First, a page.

Android Tutorial [B4X] Backward Compatibility

Discussion in 'Tutorials & Examples' started by Erel, Dec 3, 2017.

  1. Erel

    Erel Administrator Staff Member Licensed User

    Backward compatibility = the ability to open projects developed with older version of the IDE in a newer version of the IDE.

    Backward compatibility is a critical feature for programming languages and IDEs.

    There are several aspects for backward compatibility:

    Source compatibility - This is the most obvious aspect and the most important one. The ability to load existing source code and run it without changes.
    B4A was released 7 years ago. You can open projects developed with B4A v1.00 and they work as-is. Example: https://www.b4x.com/android/forum/threads/catch-the-bouncing-smiley.6442/#content
    Over the years there were very few cases where existing code required changes. The changes required were minimal.
    A few cases that I remember:

    - In the new IDE (B4A v5.0) subs must start and end in a new line. You cannot write a sub like this:
    Code:
    Sub Sum (x As Int, y As Int) : Return x + y : End Sub
    This assumption is critical for the IDE performance.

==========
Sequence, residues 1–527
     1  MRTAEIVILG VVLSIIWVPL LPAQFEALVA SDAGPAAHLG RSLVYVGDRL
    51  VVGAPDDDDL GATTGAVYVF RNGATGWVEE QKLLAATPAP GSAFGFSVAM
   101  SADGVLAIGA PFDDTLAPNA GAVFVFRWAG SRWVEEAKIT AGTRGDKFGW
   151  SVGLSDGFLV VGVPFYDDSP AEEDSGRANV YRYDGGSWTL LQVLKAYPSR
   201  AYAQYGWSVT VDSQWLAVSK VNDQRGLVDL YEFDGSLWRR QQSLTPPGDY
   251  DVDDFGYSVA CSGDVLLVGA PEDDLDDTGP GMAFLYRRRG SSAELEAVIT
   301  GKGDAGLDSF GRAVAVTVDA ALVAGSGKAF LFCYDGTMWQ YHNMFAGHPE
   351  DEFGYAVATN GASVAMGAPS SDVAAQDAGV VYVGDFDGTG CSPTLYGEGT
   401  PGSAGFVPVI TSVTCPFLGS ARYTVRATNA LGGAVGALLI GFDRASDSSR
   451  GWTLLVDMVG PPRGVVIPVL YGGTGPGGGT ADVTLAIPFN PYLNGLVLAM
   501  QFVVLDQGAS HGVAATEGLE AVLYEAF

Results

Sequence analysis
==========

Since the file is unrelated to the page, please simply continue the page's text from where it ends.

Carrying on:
- Bug fix of a relatively new feature which corrected the feature behavior.
    - Panel_Touch event behavior was slightly changed when Android 4.1 was released due to changes in Android.

    Overall you can be assured that there is highest priority for source compatibility and that we are doing our best to allow you to run your existing projects in newer versions of the IDE.

    Binary compatibility - There are two different types of binaries. Standard Java / Objective C libraries that are based on native code and only use the "BA" object to raise events. Such binaries are not affected by newer versions of B4X and are always backward compatible (assuming that the OS itself is backward compatible). This covers most libraries.
    The second case are libraries compiled with B4X or native libraries that access the core libraries APIs. These binaries are more sensitive to changes. There are many changes that are transparent to the B4X compiler but are rejected by the native layer. So the source code itself doesn't require any change but the compiled objects will break.
    When possible the old API is kept. For example:
    Code:
    public void setText(CharSequence Text) {
         getObject().setText(Text);
       
    }
       @Hide
       public void setText(Object Text) { <---- this is the old API.
         setText(BA.ObjectToCharSequence(Text));
       }
    In most cases libraries will not be broken when a new version is released. There were some mistakes in the past and there were some cases where it was not reasonably possible to avoid breaking some libraries.

    I recommend developers who distribute libraries developed with B4X to also include the source code. This will make their work future-proof (and will also allow other developers to port it to other platforms).
     
    Last edited: Dec 3, 2017
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